A recent report by the Swedish Consumer Agency (Konsumentverket
) suggests that the business model underlying so-called loot boxes is problematic in regard to children and vulnerable consumers. Subsequently, the Swedish Ministry of Finance has issued a referral of the Consumer Agency’s report to a legislative committee (the Gambling Market Inquiry). The Committee claims that if loot-box winnings are able to be converted into cash or other legal tender, they constitute a lottery and thus fall under the scope of the Gambling Act.
The Ministry of Finance commented that the government’s Gambling Market Inquiry will "consider the recommendations" of the Consumer Agency, although there is a growing belief among relevant actors in Sweden that the government will initiate some form of action against loot boxes.
"We must to ensure that consumers have adequate protection. The fact that computer and video games are of great interest to children and young people makes the issue particularly important," said social security minister Ardalan Shekarabi, the minister responsible for gambling in Sweden.
However, when it comes to the legal reality of the law, a Stockholm-based international lawyer pointed to several tricky technicalities that may stall any attempt to classify loot boxes as a kind of lottery.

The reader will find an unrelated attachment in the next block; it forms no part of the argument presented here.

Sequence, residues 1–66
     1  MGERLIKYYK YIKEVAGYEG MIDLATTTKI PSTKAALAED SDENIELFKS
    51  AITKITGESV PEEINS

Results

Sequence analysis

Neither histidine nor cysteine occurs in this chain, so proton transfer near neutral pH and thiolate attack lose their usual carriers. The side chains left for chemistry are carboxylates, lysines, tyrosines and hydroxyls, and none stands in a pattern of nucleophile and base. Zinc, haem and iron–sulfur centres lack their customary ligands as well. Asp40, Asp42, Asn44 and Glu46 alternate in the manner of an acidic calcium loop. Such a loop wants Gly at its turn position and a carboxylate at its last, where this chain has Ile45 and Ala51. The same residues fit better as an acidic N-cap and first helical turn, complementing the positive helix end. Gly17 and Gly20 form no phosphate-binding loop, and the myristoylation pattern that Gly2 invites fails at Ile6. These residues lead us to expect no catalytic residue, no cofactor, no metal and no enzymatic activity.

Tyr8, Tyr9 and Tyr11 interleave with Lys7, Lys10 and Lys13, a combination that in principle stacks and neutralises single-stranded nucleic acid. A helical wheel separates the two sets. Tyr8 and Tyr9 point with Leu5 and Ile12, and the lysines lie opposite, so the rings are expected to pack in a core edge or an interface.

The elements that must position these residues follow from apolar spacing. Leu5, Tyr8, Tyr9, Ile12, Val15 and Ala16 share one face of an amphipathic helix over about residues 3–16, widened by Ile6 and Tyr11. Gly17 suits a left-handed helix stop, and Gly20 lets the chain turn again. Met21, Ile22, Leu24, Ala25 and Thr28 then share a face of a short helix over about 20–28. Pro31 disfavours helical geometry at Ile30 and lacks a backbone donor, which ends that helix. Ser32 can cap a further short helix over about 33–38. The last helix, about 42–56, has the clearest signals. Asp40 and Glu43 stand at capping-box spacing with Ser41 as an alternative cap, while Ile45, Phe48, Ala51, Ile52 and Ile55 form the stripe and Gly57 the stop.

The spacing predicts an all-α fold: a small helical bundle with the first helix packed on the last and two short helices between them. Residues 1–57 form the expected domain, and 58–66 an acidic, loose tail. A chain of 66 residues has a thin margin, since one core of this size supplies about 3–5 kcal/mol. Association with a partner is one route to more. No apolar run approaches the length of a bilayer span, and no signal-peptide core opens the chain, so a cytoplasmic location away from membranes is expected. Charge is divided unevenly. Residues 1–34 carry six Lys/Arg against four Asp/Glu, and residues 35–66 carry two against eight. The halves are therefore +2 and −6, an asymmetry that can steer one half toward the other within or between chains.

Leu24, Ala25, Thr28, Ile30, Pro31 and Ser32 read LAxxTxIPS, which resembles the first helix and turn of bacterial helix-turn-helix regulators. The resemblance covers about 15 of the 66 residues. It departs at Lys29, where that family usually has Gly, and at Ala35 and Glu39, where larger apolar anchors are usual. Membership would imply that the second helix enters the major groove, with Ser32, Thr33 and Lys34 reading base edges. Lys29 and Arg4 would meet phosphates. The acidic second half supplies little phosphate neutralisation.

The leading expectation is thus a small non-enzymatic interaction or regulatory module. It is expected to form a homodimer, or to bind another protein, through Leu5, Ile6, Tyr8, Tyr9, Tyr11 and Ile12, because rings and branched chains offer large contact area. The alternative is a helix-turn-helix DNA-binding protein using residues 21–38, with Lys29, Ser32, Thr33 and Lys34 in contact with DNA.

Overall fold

"The relevant issue here is how the state will define the [Consumer Agency’s] statement that 'if the winnings in a loot box can be converted into money, it is a lottery that falls under the Gambling Act'," explained Ola Wiklund, founder of Wiklund Law. "There are also strong arguments to support the view that the existing law doesn’t apply to loot boxes" Wiklund comments.
"First, the games are not provided for a geographically determined group of consumers. Second, the definition of a lottery does not lend itself to application to loot boxes without some amendment, since the conversion into money is of a different nature when compared to a traditional lottery."
"In short, to regard loot boxes as falling under the Gambling Act would amount to regulatory overreach that is unlikely to withstand scrutiny in a court of law," he said. However, Wiklund noted that, ultimately, political reality may be determinative of future developments.
Read the article Loot Boxes and Domestic Gaming Laws – Regulatory Overreach
, published on GamblingComplience, 29 October 2019